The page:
Finally, a particular mention should be devoted to innovative approaches of the use of the comet assay among the selected articles. Chevillot et al. (2017) studied the biological exposure of earthworms to complex chemical mixture exposure that mimics environmental complex matrixes. Despite the exciting experimental design, however, the section on DNA damage is quite limited and indicates a slight but significant increase in DNA damage of earthworm coelomocytes following exposure to neonicotinoids.

Another application of the comet assay for ecotoxicological soil studies is to investigate the use of particular amendments, such as organic material, and verify whether they could affect the pesticide concentrations and its toxic potential. The study by Shen et al. (2015) developed along this line demonstrating that humic acid alleviated the damage to DNA, proteins, and lipid membranes caused by nickel and deltamethrin spiked in the soil.

Despite the shortcomings mainly associated with operator dependent and interlaboratory variability, the comet assay remains an elective technique for assessing genotoxicity in environmental biomonitoring, being mature after decades of implementation and widely used worldwide for its direct, simple, and affordable implementation. Nonetheless, in order to promote the consistency and reliability of results, regulatory bodies should provide guidelines on the optimal use of this tool, strongly indicating the most reliable indicators of DNA damage. In this respect, most of the articles reported in the review use OTM, while in the last decades, many evidences seem to highlight DNA tail intensity% as the most informative index characterized by a broader dynamic range. Moreover, the use of computer-aided image analysis software rather than visual scoring should be strongly suggested as well as the use of appropriate reference of damage such as negative and positive controls treated with DNA damaging agents or gamma radiation, ideally at least at 2 doses. Reference cells should be used as standard and to verify the reproducibility of the techniques and do not necessarily have to be of the same type of analytical samples; indeed an optimal reproducibility could be achieved with cultured cells.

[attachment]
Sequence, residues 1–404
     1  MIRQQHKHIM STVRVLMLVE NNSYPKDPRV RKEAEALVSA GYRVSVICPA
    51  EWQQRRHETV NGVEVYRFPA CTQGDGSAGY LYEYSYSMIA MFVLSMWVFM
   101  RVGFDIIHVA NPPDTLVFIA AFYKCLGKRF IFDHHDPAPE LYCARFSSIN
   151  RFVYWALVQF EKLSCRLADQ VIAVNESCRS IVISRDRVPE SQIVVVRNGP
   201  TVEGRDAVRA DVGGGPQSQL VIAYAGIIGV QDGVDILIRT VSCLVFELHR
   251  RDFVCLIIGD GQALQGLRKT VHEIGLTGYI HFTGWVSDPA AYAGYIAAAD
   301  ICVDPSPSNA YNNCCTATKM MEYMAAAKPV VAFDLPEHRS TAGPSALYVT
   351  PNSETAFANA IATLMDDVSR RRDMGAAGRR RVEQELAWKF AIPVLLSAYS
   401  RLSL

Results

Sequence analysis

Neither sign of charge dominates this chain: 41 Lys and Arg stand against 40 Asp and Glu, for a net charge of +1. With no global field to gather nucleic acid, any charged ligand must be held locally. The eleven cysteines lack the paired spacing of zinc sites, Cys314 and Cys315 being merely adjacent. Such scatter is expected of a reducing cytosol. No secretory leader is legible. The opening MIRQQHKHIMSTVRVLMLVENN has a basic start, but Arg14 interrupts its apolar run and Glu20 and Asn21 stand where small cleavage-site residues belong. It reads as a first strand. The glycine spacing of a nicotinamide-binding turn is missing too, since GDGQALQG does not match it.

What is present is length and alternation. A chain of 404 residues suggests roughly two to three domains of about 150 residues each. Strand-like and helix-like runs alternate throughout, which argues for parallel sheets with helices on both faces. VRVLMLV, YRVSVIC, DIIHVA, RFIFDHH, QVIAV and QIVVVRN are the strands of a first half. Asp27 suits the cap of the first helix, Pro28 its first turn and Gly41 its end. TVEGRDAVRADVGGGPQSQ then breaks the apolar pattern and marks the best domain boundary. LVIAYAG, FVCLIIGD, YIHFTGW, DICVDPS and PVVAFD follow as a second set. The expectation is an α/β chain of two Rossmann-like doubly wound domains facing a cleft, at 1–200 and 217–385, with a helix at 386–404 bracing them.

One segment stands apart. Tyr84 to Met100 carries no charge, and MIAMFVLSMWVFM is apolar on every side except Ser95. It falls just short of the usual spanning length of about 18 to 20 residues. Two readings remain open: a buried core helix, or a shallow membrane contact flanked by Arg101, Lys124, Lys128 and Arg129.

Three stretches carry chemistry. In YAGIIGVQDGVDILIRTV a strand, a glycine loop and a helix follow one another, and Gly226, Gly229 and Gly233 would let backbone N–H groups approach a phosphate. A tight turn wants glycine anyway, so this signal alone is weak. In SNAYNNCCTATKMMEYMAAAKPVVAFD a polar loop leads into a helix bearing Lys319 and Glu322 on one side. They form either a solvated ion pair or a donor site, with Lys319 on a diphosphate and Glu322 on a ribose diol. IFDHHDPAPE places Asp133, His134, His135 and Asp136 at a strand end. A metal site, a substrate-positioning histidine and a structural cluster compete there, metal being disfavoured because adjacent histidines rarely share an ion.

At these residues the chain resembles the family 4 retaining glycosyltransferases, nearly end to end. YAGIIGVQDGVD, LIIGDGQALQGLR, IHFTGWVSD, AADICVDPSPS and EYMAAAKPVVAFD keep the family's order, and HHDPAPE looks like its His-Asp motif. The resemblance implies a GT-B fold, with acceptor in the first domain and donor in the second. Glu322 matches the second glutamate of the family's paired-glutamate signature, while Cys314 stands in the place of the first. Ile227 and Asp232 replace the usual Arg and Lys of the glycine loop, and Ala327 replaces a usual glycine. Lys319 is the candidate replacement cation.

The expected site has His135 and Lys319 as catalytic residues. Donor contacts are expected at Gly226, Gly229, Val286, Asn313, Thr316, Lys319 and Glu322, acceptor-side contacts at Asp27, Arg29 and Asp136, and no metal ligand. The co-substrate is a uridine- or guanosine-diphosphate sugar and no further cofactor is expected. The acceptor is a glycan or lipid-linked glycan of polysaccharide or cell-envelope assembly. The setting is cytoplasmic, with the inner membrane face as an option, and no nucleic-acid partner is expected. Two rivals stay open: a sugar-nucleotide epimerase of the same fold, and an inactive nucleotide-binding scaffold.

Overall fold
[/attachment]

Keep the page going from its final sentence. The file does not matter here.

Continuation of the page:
Conclusion

The examination of the published articles showed a continuous improvement of the possibility to detect the detrimental effect of the pesticides on soil microorganisms and non-target organisms at a sub-lethal level. In the present review, we considered the methodological aspects considering the most promising DNA-based methodologies used to generate data for biodiversity and biomonitoring studies; moreover, we described the specific outcomes of research papers using these techniques in describing the effect of pesticides on soil. The critical analysis of the papers examined can help registration authorities to derive ecotoxicological parameters useful for a high-tier risk assessment. Regarding microbial communities, soil microorganisms play key roles in significant ecological processes such as bioremediation, recycling of elements, soil structure establishment, and degradation of organic matter and chemical xenobiotics (Umar et al., 2017; Walvekar et al., 2017). Among them, pesticides are the most common contaminants in the agricultural field (Wołejko et al., 2020), and their persistence in the soil can alter the physico-chemical structure and microbiota composition causing a negative impact on soil biodiversity (Diez et al., 2017). Indeed, the extensive use of pesticides has gradually led to soil contamination with proven damages to environmental health (Fernandes et al., 2020; Kafaei et al., 2020). Reported data using DGGE-PCR studies confirmed that the chemical nature and the doses used play a role in the disturbance of microbiological complexity of the soil.

The use of biopesticides, differently from synthetic ones, does not affect the microbial community reversibly (Reali and Fiuza, 2016; Umar et al., 2017). In this respect, several studies have shown that the pesticide-induced microbial changes are mainly transient and the structure of the microbial population can improve gradually (Gao et al., 2012; Chen et al., 2013). However, this advantage is lost at high concentrations. Gupta et al. (2013) found that the treatments of rhizosphere with high doses of biopesticide azadirachtin had an adverse effect on the microbial population. They were suggesting that concerning the environmental impact, the lower toxicity of biopesticide is lost at high concentrations.

Regarding synthetic pesticide impact on microbial soil, some PCR-DGGE studies suggest that also in this case in the long term, they seem not to affect the rhizosphere population negatively. For example, Coppola et al. (2011); Marinozzi et al. (2013), and more recently Diez et al. (2017) show that the acute soil population modification is reversible since over a short time the soil community was able to return to the initial composition as reported by Tortella et al. (2013b).

However, these studies are in contrast with previous evidence (Hoshino and Matsumoto, 2007; Chu et al., 2008; Huang et al., 2016; Wang et al., 2019) showing that synthetic pesticides significantly affect the abundance of soil microorganisms, causing irreparable damage. The evidence shows the ecological toxicity of several pesticides such as metalaxil and chloropicrin on the fungal community (Hoshino and Matsumoto, 2007; Wang et al., 2019).